Pictured, from left: Eli Goldstone, Lloyd Markham, Masande Ntshanga, Omar Robert Hamilton, Sarah Day, Clare Fisher
The four prizes will be awarded at The Authors’ Awards on Thursday 19 July, a unique night of riches with all the awards judged by authors for authors. The event has rewarded the early works of some of today’s most prominent literary figures such as Zadie Smith, Seamus Heaney, Helen Dunmore, Hari Kunzru, Carol Ann Duffy and Mark Haddon and the evening will see the UK’s biggest literary fund of more than £98,000 awarded to established and emerging writers of fiction, non-fiction and poetry.
The judges for each award, including Joanne Harris, Samantha Shannon, Frances Fyfield, Abir Mukherjee, Irenosen Okojie, Jen Campbell and Paul Bailey, were united in their praise for ‘compelling, sophisticated, original and emotionally charged’ writing with stories taking the reader from the landscapes of rural and urban Britain and on to the streets of Cairo, Cape Town, Australia and beyond, via themes of grief, love, justice, family and revolution.
Betty Trask Prize & Awards
The Betty Trask Prize and Awards are presented for a first novel by a writer under 35.
- Mussolini’s Island by Sarah Day (Tinder Press)
- All the Good Things by Clare Fisher (Viking)
- Strange Heart Beating by Eli Goldstone (Granta)
- The City Always Wins by Omar Robert Hamilton (Faber and Faber)
- Bad Ideas/Chemicals by Lloyd Markham (Parthian)
- The Reactive by Masanda Ntshanga (Jacaranda)
The Trask shortlist is always very strong, very original, and this year is no different – six books reflecting the excellent quality and diversity of new writers today. We have Clare Fisher’s touching, tough and incisive view of what it’s like to be a child in care, robbed of choices; Eli Goldstone’s fable-like tale that spirits the reader from London to the deep forests of Latvia; Lloyd Markham’s death stare at society, sharp as a syringe and gloriously weird; Masande Ntshanga depiction of the gritty reality of Cape Town in 2003 through the smoky lens of the young and high; Omar Robert Hamilton’s tough, bleak and relentless work – a challenging, heart-wrenching and in many ways, necessary novel; while Sarah Day presents a powerful but little-known historical narrative that needed to be told.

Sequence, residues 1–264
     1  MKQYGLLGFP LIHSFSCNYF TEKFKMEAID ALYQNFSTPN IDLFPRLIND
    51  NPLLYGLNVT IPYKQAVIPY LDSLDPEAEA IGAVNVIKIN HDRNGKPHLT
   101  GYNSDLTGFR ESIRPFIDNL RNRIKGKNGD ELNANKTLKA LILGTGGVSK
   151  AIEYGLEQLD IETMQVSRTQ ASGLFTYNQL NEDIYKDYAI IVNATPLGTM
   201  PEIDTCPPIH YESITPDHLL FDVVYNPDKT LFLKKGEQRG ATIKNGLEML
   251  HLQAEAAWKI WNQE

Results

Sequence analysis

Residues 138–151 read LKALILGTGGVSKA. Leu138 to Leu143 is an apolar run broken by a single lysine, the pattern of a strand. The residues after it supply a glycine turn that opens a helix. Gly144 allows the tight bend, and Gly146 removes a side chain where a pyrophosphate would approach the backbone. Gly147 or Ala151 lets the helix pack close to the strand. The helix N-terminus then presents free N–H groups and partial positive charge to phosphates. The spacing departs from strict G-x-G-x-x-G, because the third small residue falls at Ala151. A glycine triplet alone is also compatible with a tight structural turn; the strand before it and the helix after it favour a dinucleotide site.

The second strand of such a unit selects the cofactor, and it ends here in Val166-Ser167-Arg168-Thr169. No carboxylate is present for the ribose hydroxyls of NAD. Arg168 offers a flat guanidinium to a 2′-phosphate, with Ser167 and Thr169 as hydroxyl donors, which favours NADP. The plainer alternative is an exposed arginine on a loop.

Judges Ben Brooks, Joanne Harris and Samantha Shannon.
Past winners include Zadie Smith, David Szalay, Hari Kunzru and Sarah Waters. Total prize and award fund is £26,250.
The McKitterick Prize is awarded to a first novel by a writer over 40.
- Darke by Rick Gekoski (Canongate Books)
- Radio Sunrise by Anietie Isong (Jacaranda)
- The Seven Imperfect Rules of Elvira Carr by Frances Maynard (Pan Macmillan)
- Yes by Anne Patterson (Silvertail Books)
- The Woolgrower’s Companion by Joy Rhoades (Chatto & Windus)
The fabulous debut novels in this year’s McKitterick shortlist take us from the open spaces of the Australian outback to inner worlds filled with loss, hope and self-acceptance. We have a deliriously well-written tale of impending old age and bereavement; a small volume about an utterly likeable Nigerian journalist, which stays long in the imagination; the quiet, inspirational story of the dilemmas faced by an autistic daughter after her powerfully protective mother dies; a perfect, mesmerising book about a woman after a stroke, which feels as if it contains half a lifetime of observation; and a tale set in the Australian outback at the end of World War II, full of moral dilemmas, brutality and humanity.
Judges Frances Fyfield, Aamer Hussein and Abir Mukherjee.